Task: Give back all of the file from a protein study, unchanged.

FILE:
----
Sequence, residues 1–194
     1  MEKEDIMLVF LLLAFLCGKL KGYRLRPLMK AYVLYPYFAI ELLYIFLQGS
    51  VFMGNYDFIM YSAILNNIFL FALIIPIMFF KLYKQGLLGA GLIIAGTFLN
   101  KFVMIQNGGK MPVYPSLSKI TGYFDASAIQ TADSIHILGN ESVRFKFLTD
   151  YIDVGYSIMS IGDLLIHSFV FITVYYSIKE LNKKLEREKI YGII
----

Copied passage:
Sequence, residues 1–194
     1  MEKEDIMLVF LLLAFLCGKL KGYRLRPLMK AYVLYPYFAI ELLYIFLQGS
    51  VFMGNYDFIM YSAILNNIFL FALIIPIMFF KLYKQGLLGA GLIIAGTFLN
   101  KFVMIQNGGK MPVYPSLSKI TGYFDASAIQ TADSIHILGN ESVRFKFLTD
   151  YIDVGYSIMS IGDLLIHSFV FITVYYSIKE LNKKLEREKI YGII